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    P.s. Can you do something Ed. related by volunteering, teaching Sunday school, etc.? Tutoring? That might help.
     
  11. Mathemagician

    Mathemagician Groupie

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    I don't know what age group you plan to teach, but your journalist experience could be invaluable as I know school newspaper/TV positions are not always easy to fill. I am sure you know this, but it is important to market that experience!
     
  12. Rainbowbird

    Rainbowbird Groupie

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    Also....you can take a workshop here and there from your local county Ed. office. Some of them are free, and they are open to any certified teacher, at least in my state. I took a bunch and they are all on my resume. It shows you are staying involved and current.

    Also, I agree, market your job experience as a plus. Real world experience is so valuable, and if you are working with older students, even more so, as they will be going out into college and the workforce soon. I have experience outside if education, as well, and I feel it makes me a better teacher. Put the positive spin on what you are doing now. I think most teachers and principals value and even envy those who have the opportunity to get experience in other fields.
     
  13. elateacher4life

    elateacher4life Cohort

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    Don't despair. Maybe that wasn't the right school for you. Perhaps anything opening will arise.
     
  14. acl1974

    acl1974 Companion

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    I want to thank everyone for the comments and advice. I like the ideas of volunteering if I can't get my own classroom in the fall. I can definitely offer free tutoring to nearby districts. Also, I am going to look into low-cost or free classes to help me continue to grow as a potential teacher and boost my resume, which was another piece of advice from a poster.
    I think I just need to regroup and keep sending out resumes. It just hit me hard because I got my hopes up. I didn't necessarily see myself getting the job, but sort of hoped for at least an interview since I actually know people there. I felt like it was my best shot at landing one. Yet, I have been applying elsewhere so I suppose it's time to stop whining and move on. Thanks again. Sometimes we all just need a little more encouragement to keep forging ahead.
     
  15. jessiiteach

    jessiiteach Companion

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    I am right there with you. I feel like a huge idiot and failure for spending so much money to switch careers to be stuck with no job, same bills, and higher student loans to pay back. I just have to keep reminding myself that I was following my heart and it will work out in time...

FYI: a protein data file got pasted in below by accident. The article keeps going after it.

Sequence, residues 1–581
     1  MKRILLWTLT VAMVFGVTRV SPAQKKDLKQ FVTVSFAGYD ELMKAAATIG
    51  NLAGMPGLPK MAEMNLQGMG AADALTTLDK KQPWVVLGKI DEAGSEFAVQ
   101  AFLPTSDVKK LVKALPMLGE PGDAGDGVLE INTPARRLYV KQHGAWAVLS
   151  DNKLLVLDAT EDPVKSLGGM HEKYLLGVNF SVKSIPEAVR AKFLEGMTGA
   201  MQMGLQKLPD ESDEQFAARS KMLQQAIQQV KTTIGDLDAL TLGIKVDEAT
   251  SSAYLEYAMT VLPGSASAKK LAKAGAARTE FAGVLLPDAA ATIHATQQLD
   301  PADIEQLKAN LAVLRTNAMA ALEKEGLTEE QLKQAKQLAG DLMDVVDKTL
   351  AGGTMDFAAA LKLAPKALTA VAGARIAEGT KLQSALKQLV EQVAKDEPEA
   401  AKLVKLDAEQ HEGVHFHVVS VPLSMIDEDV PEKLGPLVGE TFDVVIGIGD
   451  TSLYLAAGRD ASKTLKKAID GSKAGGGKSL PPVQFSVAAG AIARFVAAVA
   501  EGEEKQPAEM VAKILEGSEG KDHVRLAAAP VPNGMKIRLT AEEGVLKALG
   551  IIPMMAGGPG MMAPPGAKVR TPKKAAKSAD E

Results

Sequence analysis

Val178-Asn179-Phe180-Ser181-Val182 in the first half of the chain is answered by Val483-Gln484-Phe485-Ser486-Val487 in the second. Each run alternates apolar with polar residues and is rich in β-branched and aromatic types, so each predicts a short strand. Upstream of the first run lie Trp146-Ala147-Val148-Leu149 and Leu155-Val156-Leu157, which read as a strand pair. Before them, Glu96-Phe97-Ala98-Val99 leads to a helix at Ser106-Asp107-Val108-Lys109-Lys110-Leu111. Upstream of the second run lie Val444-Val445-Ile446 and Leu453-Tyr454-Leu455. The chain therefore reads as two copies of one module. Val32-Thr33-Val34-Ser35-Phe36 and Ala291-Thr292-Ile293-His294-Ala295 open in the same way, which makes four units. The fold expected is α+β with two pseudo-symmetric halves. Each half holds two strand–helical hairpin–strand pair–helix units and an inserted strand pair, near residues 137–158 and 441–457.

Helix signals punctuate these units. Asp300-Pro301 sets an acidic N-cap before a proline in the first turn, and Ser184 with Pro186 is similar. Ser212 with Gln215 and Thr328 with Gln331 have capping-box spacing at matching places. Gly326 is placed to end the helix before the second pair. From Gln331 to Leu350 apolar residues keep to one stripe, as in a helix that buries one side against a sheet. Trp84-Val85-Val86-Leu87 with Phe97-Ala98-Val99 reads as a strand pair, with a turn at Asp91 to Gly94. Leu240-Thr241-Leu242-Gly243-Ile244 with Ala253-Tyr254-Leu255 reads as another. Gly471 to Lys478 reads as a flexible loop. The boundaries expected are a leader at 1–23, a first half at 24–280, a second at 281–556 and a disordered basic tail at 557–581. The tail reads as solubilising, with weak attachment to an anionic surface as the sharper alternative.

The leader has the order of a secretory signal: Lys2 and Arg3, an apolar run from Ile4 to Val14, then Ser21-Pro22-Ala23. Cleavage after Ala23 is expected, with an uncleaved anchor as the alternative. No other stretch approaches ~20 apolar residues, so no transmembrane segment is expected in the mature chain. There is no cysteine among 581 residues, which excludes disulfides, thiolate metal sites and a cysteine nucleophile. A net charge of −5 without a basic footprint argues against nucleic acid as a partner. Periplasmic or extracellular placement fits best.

16. mopar

    mopar Multitudinous

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    I'm so sorry.

    Has your student teaching ended? If not, I would ask the principal for a mock interview just to get some feedback.
     
  17. giraffe326

    giraffe326 Virtuoso

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    The district I attended for 13 years, volunteered in, and subbed in didn't even give me an interview this year, either. I knew it was my best shot for a job. So, I understand your pain. I'm tired of getting 'the position you applied for has been filled' e-mails. I got three today.

    Even though it is past the priority deadline, apply for EAA if you haven't already.
     
  18. acl1974

    acl1974 Companion

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    I took your advice and submitted my application for EAA. We'll see :)
     
  19. mctx1

    mctx1 Rookie

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    Sorry you're going through this. Looks like a lot of us are in the boat. I, too, am switching careers at 40 and after spending about $5,000 (student teaching/daycare, etc.) no one is calling. I feel like a fool. Sorry, I just wanted to let you know you're not the only one and I certainly hope you get a call soon. (I'm in Texas by the way).
     
  20. nyteacher29

    nyteacher29 Comrade

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    mctx1....keep the faith. are you changing your resume and cover letters up? have you looked into private schools?
     
  21. acl1974

    acl1974 Companion

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    While I'm sorry you are going through this, it's nice to know of someone else who is facing the same situation. Maybe we can cheer each other on or something. I hope you get a call soon as well. I hope we all do.
     
  22. mctx1

    mctx1 Rookie

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    Thanks. I had it reviewed by the ACP Director. The private schools here are just as saturated.

    I think there are several factors that are making it difficult.

    --economy/budget cuts
    --not enough retirees for the amount graduates and ACP (older) candidates
    --it's all about who you know; the only reason I got a job interview at one school is because I knew a friend that worked at the administration office.